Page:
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Effective July 1, 2017, new regulations went into place to protect transgender employees (Cal. Code Regs. §§ 11030-11034). The new regulations are intended to provide “enhanced clarity” and also lists specific types of prohibited conduct and/or protections.
New defined terms are key to the new regulations. “Gender Identity” is now defined as “each person’s internal understanding of their gender, or the perception of a person’s gender identity, which may include male, female, a combination of male and female, neither male nor female, a gender different from the person’s sex assigned at birth, or transgender.” (New portions underlined.) “Transitioning” is defined for the first time, as ““a process some transgender people go through to begin living as the gender with which they identify, rather than the sex assigned to them at birth.” This process is not expressly defined, but can include anything from name or pronoun usage to undergoing hormone therapy, surgeries, or other medical procedures. Discrimination against a person who is transitioning, has transitioned, or is perceived to be transitioning, is now specifically prohibited.
Under the new regulations, employers –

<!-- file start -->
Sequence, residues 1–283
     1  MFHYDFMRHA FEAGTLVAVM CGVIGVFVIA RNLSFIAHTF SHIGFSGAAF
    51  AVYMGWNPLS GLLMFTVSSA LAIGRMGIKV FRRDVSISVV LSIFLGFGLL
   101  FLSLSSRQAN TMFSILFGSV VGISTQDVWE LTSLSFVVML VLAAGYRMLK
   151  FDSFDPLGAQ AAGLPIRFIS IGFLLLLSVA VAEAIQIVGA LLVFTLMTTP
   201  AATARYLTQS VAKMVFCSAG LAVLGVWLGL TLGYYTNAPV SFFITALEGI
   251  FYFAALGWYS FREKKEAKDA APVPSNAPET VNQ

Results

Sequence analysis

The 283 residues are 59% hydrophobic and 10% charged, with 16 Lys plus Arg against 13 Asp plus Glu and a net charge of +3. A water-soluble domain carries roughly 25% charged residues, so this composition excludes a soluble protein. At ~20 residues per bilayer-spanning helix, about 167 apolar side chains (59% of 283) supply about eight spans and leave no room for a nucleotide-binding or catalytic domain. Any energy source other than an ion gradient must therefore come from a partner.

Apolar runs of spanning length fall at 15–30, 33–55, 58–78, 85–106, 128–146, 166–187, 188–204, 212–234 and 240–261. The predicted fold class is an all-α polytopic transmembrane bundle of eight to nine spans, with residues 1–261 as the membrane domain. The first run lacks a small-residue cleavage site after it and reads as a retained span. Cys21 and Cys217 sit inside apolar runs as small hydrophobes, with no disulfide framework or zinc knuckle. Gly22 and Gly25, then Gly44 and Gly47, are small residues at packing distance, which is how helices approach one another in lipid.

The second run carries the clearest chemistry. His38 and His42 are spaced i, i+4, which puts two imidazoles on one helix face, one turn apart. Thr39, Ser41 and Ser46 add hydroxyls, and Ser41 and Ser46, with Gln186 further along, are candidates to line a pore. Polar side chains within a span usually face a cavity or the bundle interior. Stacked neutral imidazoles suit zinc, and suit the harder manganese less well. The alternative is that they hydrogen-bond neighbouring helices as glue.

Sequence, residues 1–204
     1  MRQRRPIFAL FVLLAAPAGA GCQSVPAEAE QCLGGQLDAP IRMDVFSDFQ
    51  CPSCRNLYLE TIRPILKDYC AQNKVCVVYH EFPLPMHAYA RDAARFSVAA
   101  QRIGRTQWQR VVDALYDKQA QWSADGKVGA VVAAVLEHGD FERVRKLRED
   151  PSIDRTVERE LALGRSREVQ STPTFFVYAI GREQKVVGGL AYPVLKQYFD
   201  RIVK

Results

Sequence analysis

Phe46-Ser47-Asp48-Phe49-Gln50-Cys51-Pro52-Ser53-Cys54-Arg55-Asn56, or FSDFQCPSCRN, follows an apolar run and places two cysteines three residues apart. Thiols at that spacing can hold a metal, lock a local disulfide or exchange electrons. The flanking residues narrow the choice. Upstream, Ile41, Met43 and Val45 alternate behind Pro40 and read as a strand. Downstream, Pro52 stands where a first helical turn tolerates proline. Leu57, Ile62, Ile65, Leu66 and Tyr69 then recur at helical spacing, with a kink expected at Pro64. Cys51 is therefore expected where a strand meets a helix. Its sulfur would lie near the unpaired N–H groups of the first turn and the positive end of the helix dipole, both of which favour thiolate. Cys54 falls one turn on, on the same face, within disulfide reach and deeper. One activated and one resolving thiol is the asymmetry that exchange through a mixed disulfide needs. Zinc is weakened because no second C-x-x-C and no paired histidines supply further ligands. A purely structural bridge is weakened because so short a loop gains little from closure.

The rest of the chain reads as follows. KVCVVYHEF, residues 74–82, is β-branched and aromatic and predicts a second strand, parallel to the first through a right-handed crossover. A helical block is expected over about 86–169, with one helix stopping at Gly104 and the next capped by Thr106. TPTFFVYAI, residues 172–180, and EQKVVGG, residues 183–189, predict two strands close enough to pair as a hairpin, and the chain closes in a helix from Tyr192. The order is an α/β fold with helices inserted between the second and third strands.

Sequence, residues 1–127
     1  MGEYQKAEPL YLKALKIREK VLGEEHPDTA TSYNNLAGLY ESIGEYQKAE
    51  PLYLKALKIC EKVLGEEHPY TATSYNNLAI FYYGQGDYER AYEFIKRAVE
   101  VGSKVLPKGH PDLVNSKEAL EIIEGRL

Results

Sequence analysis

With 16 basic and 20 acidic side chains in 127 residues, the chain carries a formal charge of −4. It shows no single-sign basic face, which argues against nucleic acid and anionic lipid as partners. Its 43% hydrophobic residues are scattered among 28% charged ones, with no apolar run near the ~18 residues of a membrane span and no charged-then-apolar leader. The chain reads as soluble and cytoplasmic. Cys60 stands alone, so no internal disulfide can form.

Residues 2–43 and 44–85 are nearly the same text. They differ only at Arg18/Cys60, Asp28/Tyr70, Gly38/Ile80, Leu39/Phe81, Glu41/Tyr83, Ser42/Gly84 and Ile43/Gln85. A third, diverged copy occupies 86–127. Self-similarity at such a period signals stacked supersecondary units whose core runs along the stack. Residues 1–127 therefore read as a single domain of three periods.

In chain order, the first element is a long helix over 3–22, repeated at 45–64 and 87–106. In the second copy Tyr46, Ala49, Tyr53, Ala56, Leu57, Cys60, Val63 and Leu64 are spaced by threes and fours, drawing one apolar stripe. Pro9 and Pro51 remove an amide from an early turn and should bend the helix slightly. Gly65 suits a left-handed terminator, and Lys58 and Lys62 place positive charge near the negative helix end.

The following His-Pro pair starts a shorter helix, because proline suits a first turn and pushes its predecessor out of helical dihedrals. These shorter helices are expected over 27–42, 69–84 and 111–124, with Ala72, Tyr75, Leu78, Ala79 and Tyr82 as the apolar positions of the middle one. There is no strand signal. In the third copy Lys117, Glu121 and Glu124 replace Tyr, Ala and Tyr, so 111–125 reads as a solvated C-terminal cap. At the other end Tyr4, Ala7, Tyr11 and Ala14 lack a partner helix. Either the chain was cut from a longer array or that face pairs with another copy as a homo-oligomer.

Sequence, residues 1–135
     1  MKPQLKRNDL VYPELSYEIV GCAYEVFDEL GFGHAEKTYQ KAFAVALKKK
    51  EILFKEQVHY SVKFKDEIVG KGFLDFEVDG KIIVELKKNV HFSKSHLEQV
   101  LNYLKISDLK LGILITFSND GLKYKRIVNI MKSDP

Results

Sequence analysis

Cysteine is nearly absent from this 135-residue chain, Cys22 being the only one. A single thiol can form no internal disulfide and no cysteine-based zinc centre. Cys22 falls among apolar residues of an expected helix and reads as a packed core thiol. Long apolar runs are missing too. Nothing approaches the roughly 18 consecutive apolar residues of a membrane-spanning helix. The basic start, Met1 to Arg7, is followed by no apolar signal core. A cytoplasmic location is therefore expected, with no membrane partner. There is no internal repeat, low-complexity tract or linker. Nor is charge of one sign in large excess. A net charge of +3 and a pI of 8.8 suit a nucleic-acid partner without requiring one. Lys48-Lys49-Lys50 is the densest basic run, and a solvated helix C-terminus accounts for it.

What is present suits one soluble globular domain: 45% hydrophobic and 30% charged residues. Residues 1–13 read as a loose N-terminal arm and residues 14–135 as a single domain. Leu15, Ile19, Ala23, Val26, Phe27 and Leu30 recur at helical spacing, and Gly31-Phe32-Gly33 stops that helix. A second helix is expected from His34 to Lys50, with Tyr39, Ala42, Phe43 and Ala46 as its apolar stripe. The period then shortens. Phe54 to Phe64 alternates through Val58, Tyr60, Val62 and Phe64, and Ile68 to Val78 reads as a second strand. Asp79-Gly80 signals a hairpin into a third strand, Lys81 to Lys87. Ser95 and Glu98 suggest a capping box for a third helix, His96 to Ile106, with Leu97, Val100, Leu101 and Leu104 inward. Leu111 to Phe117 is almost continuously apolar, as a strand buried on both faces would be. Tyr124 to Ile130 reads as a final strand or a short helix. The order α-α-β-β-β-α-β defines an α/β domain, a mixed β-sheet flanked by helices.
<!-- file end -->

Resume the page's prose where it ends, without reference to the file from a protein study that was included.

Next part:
Employers also must provide equal access to comparable, safe, and adequate “facilities” that correspond to the employee’s gender identity or gender expression. Here, a “facility” is more than just a bathroom, and can include locker rooms, showers, etc. An employer cannot require “proof” or documentation of any medical treatment or procedure, or any identity document, for use of a particular facility. Interestingly, the new regulations also require employers to provide “feasible alternatives” to protect the privacy interests of all employees. These can include, for example, locking toilet stalls, staggered shower schedules, shower curtains, or other methods of ensuring privacy.
One final note to employers – typically in discrimination cases, an employer has an available defense where a certain religion, age, gender, etc., is a “bona fide occupational qualification.” Examples of this defense include requiring a Church’s minister to be a particular religion or a women’s’ restroom attendant to be female. However, the new regulations specifically state that this defense will not apply to discrimination based on an individual being transgender, gender nonconforming, or where an individual’s sex assigned at birth is different from the sex required for the job.
California employers faced with implementation of these new regulations are entering uncharted territory and though the obligations and expectations of employers is now somewhat clearer, much is still left murky. Employers with questions or issues raised by these new regulations are strongly encouraged to seek advice of experienced employment counsel.
If you have questions or would like more information, please contact Melissa Whitehead at [email protected].